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--- * PCB/UseNet Gateway from Sparkware #3 Date: 08-18-92 (06:15) Number: 18181 Channel 1 (R) [HST 14, To: ALL Refer#: NONE From: MIKE MORRIS Read: YES Subj: SOME CANONICAL LISTS Conf: (1479) arts.books ------------------------------------------------------------------------ Newsgroup: rec.arts.books Message-ID: Subject: Some Canonical Lists (Continued from the previous message) _An Inquiry into Meaning and Truth_ _Human Knowledge; Its Scope and Limits_ 130. Thomas Mann (1875-1955) _The Magic Mountain_ _Joseph and His Brothers_ 131. Albert Einstein (1879-1955) _The Meaning of Relativity_ _On the Method of Theoretical Physics_ _The Evolution of Physics_ (with L. Infeld) 132. James Joyce (1882-1941) ``The Dead'' in _Dubliners_ _Portrait of the Artist as a Young Man_ _Ulysses_ 133. Jaques Maritain (1882- ) _Art and Scholasticism_ _The Degrees of Knowledge_ _The Rights of Man and Natural Law_ _True Humanism_ 134. Franz Kafka (1883-1924) _The Trial_ _The Castle_ 135. Arnold Toynbee (1889- ) _A Study of History_ _Civilization on Trial_ 136. Jean Paul Sartre (1905- ) _Nausea_ _No Exit_ _Being and Nothingness_ 137. Aleksandr I. Solzhenitsyn (1918- ) _The First Circle_ _The Cancer Ward_ ---------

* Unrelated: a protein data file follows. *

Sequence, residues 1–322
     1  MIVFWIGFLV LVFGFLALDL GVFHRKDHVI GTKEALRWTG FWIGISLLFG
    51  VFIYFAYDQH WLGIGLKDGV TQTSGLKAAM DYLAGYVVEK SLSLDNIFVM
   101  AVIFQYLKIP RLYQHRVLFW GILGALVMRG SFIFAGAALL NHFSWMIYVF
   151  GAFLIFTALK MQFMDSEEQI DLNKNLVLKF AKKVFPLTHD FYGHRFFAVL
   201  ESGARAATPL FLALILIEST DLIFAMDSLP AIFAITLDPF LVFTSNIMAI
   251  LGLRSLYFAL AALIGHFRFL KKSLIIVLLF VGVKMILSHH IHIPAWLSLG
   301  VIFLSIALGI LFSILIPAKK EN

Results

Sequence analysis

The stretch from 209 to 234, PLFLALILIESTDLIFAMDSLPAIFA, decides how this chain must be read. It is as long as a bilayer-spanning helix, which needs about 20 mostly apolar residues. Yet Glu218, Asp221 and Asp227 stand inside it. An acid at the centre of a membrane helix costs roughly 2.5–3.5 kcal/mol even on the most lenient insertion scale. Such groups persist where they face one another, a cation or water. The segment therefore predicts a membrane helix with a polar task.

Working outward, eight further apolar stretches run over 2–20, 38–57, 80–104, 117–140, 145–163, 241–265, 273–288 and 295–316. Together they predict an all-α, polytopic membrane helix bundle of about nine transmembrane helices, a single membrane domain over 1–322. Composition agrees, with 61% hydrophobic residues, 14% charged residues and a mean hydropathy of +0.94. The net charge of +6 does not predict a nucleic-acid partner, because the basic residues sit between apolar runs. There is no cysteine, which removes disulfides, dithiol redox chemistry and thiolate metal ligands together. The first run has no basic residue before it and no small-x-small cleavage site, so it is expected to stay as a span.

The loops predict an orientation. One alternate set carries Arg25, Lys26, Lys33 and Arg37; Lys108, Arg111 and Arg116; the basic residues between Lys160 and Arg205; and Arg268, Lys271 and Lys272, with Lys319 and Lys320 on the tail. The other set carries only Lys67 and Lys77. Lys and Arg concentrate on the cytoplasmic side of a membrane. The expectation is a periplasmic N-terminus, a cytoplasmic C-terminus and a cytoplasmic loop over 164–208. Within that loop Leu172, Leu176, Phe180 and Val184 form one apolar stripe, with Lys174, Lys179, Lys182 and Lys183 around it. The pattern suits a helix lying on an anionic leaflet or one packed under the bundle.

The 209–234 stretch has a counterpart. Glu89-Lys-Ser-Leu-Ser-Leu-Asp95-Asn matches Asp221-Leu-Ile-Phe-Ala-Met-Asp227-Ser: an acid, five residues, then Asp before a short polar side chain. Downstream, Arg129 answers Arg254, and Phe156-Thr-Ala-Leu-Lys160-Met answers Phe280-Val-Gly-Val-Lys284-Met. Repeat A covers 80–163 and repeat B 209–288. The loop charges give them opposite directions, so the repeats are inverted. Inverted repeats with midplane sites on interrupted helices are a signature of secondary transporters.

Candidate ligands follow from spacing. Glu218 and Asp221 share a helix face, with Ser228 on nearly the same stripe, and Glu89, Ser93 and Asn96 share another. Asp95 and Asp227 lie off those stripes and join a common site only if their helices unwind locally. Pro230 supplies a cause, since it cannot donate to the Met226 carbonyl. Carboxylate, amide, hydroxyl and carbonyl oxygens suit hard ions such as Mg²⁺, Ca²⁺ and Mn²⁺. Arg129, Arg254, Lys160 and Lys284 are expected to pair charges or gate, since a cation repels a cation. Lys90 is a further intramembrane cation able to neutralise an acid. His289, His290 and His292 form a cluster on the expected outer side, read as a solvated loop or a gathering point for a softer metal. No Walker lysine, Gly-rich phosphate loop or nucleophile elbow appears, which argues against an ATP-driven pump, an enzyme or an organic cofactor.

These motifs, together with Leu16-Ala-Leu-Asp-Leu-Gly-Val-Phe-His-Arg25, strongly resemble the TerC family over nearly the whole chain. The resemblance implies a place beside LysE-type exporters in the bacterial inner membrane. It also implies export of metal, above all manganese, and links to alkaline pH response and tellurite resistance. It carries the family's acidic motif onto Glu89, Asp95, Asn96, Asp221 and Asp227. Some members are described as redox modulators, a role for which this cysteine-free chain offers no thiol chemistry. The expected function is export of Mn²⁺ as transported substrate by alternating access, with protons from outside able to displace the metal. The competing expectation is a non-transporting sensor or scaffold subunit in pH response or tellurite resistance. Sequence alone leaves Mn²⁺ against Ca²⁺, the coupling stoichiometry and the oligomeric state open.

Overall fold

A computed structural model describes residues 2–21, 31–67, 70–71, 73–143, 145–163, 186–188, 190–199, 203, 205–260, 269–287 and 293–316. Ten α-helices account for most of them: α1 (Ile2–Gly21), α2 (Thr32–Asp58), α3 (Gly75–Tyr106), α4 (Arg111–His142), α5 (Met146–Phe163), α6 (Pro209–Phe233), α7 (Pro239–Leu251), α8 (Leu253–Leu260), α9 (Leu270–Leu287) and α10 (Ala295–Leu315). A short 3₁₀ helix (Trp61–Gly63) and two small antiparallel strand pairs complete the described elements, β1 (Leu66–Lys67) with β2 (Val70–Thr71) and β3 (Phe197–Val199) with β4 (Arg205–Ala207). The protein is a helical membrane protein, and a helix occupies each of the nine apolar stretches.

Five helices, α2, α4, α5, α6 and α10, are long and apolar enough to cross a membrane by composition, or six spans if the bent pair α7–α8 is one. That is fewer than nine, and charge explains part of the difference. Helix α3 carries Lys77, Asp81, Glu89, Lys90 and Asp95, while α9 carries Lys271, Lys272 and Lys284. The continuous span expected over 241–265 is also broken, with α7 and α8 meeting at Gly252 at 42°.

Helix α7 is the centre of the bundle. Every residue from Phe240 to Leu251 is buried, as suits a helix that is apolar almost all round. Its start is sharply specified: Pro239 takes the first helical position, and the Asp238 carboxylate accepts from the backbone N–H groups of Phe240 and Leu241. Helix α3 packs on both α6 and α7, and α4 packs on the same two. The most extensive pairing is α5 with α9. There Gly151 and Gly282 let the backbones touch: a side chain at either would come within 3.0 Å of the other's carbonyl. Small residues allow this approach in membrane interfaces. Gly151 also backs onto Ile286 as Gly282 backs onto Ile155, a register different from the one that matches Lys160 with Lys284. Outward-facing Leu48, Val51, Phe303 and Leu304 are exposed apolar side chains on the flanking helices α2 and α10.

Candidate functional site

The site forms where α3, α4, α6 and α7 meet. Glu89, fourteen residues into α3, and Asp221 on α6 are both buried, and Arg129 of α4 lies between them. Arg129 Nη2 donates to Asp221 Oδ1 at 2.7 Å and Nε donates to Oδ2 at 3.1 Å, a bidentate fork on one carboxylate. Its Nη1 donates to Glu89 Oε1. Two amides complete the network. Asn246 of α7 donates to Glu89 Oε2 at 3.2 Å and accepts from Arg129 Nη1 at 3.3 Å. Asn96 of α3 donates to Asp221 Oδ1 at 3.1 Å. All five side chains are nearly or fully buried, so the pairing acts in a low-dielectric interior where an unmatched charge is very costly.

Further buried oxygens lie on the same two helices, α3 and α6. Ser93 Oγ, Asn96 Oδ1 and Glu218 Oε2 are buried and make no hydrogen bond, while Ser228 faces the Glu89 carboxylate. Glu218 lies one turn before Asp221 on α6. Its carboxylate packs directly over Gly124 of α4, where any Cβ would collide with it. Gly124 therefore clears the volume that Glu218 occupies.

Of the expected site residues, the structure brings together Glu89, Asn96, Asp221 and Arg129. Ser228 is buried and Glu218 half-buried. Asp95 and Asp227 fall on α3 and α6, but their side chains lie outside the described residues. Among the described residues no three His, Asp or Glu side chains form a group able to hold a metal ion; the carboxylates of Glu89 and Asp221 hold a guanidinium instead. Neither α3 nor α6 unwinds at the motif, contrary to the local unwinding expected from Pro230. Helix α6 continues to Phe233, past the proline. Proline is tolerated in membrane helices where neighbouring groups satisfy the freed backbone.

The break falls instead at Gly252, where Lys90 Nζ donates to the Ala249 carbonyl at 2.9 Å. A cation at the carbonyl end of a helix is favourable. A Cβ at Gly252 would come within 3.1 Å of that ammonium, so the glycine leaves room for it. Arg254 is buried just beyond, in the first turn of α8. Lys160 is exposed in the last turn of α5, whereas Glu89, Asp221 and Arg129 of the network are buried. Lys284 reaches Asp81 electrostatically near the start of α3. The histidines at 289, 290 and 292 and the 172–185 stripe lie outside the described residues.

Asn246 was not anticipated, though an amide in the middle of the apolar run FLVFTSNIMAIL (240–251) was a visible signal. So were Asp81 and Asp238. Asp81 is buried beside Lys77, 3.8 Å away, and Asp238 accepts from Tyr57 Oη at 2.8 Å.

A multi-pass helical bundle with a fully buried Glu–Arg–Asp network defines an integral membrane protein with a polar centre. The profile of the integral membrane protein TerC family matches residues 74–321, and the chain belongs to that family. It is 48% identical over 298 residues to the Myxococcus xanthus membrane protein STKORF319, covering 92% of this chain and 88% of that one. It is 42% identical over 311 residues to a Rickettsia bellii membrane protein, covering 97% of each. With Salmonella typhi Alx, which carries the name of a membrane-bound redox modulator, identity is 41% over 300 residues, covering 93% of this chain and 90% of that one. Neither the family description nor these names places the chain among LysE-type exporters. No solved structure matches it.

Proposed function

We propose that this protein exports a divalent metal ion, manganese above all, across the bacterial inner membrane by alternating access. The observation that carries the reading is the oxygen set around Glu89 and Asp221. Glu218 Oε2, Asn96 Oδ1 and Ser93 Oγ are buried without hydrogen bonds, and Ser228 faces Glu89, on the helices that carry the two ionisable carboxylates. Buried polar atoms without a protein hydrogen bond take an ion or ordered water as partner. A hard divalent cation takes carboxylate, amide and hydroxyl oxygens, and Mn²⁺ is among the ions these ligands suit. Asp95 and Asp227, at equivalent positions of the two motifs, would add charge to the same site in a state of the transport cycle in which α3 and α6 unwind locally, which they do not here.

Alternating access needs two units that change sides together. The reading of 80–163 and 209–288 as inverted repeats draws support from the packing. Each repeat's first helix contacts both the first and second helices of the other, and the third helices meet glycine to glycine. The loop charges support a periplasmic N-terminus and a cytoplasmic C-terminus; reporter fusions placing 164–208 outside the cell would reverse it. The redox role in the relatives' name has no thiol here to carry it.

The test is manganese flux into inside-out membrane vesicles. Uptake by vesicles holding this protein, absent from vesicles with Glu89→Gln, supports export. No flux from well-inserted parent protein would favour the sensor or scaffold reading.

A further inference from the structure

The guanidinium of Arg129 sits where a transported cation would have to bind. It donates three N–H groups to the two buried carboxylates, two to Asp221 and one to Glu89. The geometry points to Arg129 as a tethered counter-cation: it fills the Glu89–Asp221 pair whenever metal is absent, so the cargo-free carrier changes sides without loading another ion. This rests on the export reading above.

Wow! Two whole people born in this century! There's a new edition of _How to Read a Book_ out with a slightly updated list, so the one here is out of date. (I strongly recommend reading the book, by the way.) Mortimer Adler and his circle are sort of the canonical canonizers, the people the ``canon-bashers'' love to hate, as it were. This list duplicates much of the Great Books set. I think it's like the short list from which the actual books to be included in the Set were chosen. So, it maybe gives an example of the act of choosing a smaller set of books from the larger set, or canonization in action. Clearly, Dickens and Voltaire were excluded because they are not reducible to one volume. This list, to my mind, still has the character of a History of Ideas in Western Civ Canon, although it does a little better on including works of the imagination than the Great Books list does. Though I haven't seen the new Great Books set, this does make me think that the criticism of that set for not being inclusive of black authors (in the article that Terrance Heath posted for us) is a little bit off the mark. Adler's canon is going in a completely different direction than an aesthetic, literary canon would go. Also, it's deliberately biased to *old* books. And older almost always means less democratically egalitarian, for obvious reasons. Again, though I've read sizable chunks of a lot more, if I count only the entries where I've read everything, I've read 1., 2., 3., 4., 5., 6., 7., 8., 9., 10., 11., 12., 13., 14., 15., 17., 24., 25., 28., 29., 30., 33., 41., 94., 101., and 132., for a total of 26 out of 137 on this list. ********** (continued to Part 3) Mike Morris ( --- * PCB/UseNet Gateway from Sparkware #3 HEADER:USENET Path: channel1!uupsi!psinntp!uunet!!torn!!wats From: (Mike Morris) Newsgroups: rec.arts.books Subject: Some Canonical Lists Message-ID: Date: Sat, 15 Aug 1992 21:28:02 GMT Sender: Organization: University of Waterloo, Waterloo, Ontario Lines: 456 Date: 08-18-92 (06:15) Number: 18182 Channel 1 (R) [HST 14, To: ALL Refer#: NONE From: MIKE MORRIS Read: YES Subj: SOME CANONICAL LISTS Conf: (1479) arts.books ------------------------------------------------------------------------ Newsgroup: rec.arts.books Message-ID: Subject: Some Canonical Lists Saturday, the 15th of August, 1992